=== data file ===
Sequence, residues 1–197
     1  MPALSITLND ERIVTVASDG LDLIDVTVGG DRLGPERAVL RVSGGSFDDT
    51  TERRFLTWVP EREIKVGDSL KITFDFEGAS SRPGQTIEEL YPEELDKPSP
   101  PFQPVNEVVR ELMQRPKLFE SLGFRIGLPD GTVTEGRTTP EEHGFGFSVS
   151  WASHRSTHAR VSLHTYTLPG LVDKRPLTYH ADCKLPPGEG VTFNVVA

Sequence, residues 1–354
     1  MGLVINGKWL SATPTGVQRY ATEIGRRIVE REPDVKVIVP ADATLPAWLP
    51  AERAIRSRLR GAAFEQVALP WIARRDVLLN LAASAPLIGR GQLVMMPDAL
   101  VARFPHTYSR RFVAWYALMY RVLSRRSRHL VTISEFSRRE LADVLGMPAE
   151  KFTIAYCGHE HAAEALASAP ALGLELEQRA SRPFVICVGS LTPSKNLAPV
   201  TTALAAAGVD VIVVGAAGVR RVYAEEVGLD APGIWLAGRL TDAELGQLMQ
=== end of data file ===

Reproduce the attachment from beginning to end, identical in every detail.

Sequence, residues 1–197
     1  MPALSITLND ERIVTVASDG LDLIDVTVGG DRLGPERAVL RVSGGSFDDT
    51  TERRFLTWVP EREIKVGDSL KITFDFEGAS SRPGQTIEEL YPEELDKPSP
   101  PFQPVNEVVR ELMQRPKLFE SLGFRIGLPD GTVTEGRTTP EEHGFGFSVS
   151  WASHRSTHAR VSLHTYTLPG LVDKRPLTYH ADCKLPPGEG VTFNVVA

Sequence, residues 1–354
     1  MGLVINGKWL SATPTGVQRY ATEIGRRIVE REPDVKVIVP ADATLPAWLP
    51  AERAIRSRLR GAAFEQVALP WIARRDVLLN LAASAPLIGR GQLVMMPDAL
   101  VARFPHTYSR RFVAWYALMY RVLSRRSRHL VTISEFSRRE LADVLGMPAE
   151  KFTIAYCGHE HAAEALASAP ALGLELEQRA SRPFVICVGS LTPSKNLAPV
   201  TTALAAAGVD VIVVGAAGVR RVYAEEVGLD APGIWLAGRL TDAELGQLMQ